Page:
"Future Skills are competences that allow individuals to solve complex problems in highly emergent contexts of action in a self-organized way and enable them to act (successfully). They are based on cognitive, motivational, volitional and social resources, are value-based and can be acquired in a learning process."
Yes, they can be acquired through learning, and that is important. Not only for the people who are working hard to make sure education systems actually help develop these in learners, but for those of us who are already working, and thinking about how to get ready for the next step in our our social and cultural evolution.
Most organizations and institutions are reactive. How long have we known about the power of technology to enhance and augment learning, redefine ways of working and skyrocket collaborative practice and knowledge sharing? And yet, it took a global pandemic for most organizations to even partially embrace this truth.
The organizations which will survive are already moving. Keeping up to date with developments in technology, conducting skills audits to invest in training, and redesigned roles and structures to allow these future skills to take root and flourish.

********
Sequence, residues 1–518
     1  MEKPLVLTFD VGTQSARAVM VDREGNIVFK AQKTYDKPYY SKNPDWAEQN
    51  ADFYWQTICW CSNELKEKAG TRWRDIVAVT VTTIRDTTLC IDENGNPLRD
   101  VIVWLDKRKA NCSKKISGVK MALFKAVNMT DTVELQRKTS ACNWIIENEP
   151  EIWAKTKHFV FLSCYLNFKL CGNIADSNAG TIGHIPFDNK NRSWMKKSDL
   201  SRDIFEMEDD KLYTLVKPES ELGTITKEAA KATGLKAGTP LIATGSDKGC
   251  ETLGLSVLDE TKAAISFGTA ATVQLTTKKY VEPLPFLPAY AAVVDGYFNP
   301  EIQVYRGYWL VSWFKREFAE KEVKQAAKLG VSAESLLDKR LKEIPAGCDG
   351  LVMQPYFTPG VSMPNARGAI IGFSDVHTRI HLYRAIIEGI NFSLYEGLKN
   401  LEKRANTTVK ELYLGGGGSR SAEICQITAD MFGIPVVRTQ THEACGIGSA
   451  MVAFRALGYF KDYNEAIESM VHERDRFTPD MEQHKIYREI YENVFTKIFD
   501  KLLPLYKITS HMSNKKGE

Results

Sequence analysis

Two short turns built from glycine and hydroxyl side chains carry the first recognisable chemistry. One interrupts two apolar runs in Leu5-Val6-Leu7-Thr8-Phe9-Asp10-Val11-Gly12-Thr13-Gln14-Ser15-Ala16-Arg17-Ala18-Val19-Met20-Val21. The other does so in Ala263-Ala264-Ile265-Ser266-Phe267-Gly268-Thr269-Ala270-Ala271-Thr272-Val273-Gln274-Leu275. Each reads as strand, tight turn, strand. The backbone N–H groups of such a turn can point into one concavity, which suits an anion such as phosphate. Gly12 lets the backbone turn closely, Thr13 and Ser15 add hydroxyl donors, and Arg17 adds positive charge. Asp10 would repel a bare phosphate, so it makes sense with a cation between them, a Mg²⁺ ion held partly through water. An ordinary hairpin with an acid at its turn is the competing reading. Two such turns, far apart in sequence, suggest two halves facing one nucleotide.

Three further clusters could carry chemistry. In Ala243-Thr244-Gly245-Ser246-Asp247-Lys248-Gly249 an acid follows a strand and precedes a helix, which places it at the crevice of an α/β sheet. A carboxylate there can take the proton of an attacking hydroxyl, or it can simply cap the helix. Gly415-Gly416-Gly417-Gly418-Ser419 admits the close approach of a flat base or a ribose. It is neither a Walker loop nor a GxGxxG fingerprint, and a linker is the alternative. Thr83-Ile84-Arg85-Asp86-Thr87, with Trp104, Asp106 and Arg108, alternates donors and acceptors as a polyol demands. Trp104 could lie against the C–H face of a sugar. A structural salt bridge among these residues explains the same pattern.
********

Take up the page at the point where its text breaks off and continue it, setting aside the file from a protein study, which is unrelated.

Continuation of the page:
Why silo people away on specific projects, without the opportunity to collaborate with others on theirs? Transversal learning, adaptability, and cognitive flexibility come from such horizontal practices. When the next challenge hits, you might just have more chance of reacting quickly and creatively.
Why develop job descriptions top-down when job crafting can open up insights that were hidden, and bring a person's unique skills and abilities to bear on the role they play, as well as co-creating opportunities to develop critical higher-order skills.
Why wait for a decline in business before investing in new technology or streamlining systems? Get ahead of the curve, because implementation is not going to happen overnight. Help your team to see the big picture, involve them in discussions of strategy and share the angles.